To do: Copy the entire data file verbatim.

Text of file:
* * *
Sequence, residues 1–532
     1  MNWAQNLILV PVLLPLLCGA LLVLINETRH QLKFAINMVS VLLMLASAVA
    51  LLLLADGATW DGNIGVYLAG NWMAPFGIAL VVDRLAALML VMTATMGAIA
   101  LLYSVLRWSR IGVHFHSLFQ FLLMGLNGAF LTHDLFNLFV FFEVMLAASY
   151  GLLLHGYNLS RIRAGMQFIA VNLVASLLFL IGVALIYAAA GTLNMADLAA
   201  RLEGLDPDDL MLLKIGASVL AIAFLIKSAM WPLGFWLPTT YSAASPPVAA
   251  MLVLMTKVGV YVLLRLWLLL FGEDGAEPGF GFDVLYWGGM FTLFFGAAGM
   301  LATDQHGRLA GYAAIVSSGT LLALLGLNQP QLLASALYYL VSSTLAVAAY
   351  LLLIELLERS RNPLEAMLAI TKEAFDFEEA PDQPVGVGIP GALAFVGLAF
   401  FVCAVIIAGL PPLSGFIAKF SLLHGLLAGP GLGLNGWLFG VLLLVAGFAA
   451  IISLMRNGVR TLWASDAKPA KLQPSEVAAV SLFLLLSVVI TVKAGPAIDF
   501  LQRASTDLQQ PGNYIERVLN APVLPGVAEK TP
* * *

Sequence, residues 1–532
     1  MNWAQNLILV PVLLPLLCGA LLVLINETRH QLKFAINMVS VLLMLASAVA
    51  LLLLADGATW DGNIGVYLAG NWMAPFGIAL VVDRLAALML VMTATMGAIA
   101  LLYSVLRWSR IGVHFHSLFQ FLLMGLNGAF LTHDLFNLFV FFEVMLAASY
   151  GLLLHGYNLS RIRAGMQFIA VNLVASLLFL IGVALIYAAA GTLNMADLAA
   201  RLEGLDPDDL MLLKIGASVL AIAFLIKSAM WPLGFWLPTT YSAASPPVAA
   251  MLVLMTKVGV YVLLRLWLLL FGEDGAEPGF GFDVLYWGGM FTLFFGAAGM
   301  LATDQHGRLA GYAAIVSSGT LLALLGLNQP QLLASALYYL VSSTLAVAAY
   351  LLLIELLERS RNPLEAMLAI TKEAFDFEEA PDQPVGVGIP GALAFVGLAF
   401  FVCAVIIAGL PPLSGFIAKF SLLHGLLAGP GLGLNGWLFG VLLLVAGFAA
   451  IISLMRNGVR TLWASDAKPA KLQPSEVAAV SLFLLLSVVI TVKAGPAIDF
   501  LQRASTDLQQ PGNYIERVLN APVLPGVAEK TP